New survey shows Virginia parents worried about their child falling behind while learning from home

New survey shows Virginia parents worried about their child falling behind while learning from home
Virtual learning at home. (Source: WVIR)

ALBEMARLE CO., Va. (WVIR) - A new survey from the Wason Center for Civic Leadership at Christopher Newport University found that even though majority of parents in Virginia are satisfied with the way their child’s school district has responded to COVID-19, roughly 75% are worried about their child falling behind while learning in a mostly virtual environment.

“These parents are feeling like, well the school system might be doing the best they can in this environment, but they feel like their children are not be really understanding the material or that they’re not getting the best education possible in a normal circumstance,” said Research Director Rebecca Brumley-Trujillo.

She and other researchers found after surveying more than 900 Virginians, 64% of parents with children in K-12 learning are pleased with how their school has responded to the pandemic and transitioned online. But, roughly three out of four parents are worried that no matter how well educators have prepared for a shift in learning, their child is not receiving the same quality of learning that they’re used to.

“We did studies on virtual learning prior to the pandemic. We know that, on average, it’s harder to teach things like math in particular virtually, so I think a lot of parents are feeling like, maybe my kid doesn’t understand math the way they’re supposed to,” Brumley-Trujillo said.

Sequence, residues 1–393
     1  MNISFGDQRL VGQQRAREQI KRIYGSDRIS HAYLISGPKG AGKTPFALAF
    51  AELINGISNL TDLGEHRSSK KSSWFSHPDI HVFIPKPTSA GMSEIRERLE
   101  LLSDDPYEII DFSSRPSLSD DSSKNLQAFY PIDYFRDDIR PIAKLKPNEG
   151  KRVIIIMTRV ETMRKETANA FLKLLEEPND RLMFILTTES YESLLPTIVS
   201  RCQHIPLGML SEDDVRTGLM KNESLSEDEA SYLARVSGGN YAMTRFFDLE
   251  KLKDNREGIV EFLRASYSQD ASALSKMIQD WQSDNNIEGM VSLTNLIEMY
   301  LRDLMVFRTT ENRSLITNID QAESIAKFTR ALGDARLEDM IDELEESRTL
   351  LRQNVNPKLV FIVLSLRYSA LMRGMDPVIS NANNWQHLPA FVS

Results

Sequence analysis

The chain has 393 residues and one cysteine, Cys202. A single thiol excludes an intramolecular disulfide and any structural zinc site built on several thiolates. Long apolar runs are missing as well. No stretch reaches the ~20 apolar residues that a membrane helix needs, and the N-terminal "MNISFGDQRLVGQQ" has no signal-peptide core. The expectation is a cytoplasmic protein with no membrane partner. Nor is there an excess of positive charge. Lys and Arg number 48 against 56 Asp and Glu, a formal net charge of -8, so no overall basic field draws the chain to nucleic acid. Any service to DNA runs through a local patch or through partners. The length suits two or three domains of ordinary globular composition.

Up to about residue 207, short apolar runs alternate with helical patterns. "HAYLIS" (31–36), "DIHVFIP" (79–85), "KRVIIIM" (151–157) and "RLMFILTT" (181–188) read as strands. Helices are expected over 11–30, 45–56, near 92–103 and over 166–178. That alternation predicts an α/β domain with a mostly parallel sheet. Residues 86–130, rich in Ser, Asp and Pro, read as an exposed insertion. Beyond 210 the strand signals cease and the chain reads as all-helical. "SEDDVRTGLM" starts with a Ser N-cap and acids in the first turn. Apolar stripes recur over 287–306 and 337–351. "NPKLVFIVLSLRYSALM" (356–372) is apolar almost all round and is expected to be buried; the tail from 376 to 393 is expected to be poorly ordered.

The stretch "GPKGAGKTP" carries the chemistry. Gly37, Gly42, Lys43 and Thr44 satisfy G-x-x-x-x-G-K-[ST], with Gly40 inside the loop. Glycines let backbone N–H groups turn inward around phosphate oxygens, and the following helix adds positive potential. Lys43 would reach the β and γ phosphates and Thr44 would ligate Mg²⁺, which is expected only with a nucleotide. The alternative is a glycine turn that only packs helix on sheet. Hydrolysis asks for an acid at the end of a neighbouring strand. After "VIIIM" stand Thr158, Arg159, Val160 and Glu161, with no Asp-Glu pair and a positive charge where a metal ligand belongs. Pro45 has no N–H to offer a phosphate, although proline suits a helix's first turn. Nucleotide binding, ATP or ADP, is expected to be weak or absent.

Brumley-Trujillo said students in special education classes, ESL programs and those who were struggling in school before the pandemic are more likely to see the biggest losses.

Jack Jouette Middle School Principal Ashby Johnson says, however, every student is different, and that learning assessments can determine why a student is faltering or succeeding in a virtual learning environment.

“Some students are thriving in a virtual learning environment, and others are not, and many are surviving. So, it really helps us pinpoint where each student and family are so we can help them be successful so we can help them grow as a person and as a learner.”

Johnson and other educators are trying to connect with and support students and their families as much as possible.

“We do frequent home visits, and so we’re able to drop in and safely visit students and their families, to see what they need or help with any troubleshooting, bring materials to them,” Johnson said. “We do that a lot throughout the week, especially on Fridays. The counseling and administrative team and some teachers have taken that on and that’s been a big help to us to really determine what the kids need.”

Johnson is encouraging parents and guardians to reach out to their child’s school if they are worried about their child’s success, both in and out of the classroom, noting that many administrators and counselors have access to outside resources that the school itself may not be able to provide.

“Reach out to your school or reach out to somebody that you trust that’s in that building if you’re struggling or if your child is struggling,” Johnson said.

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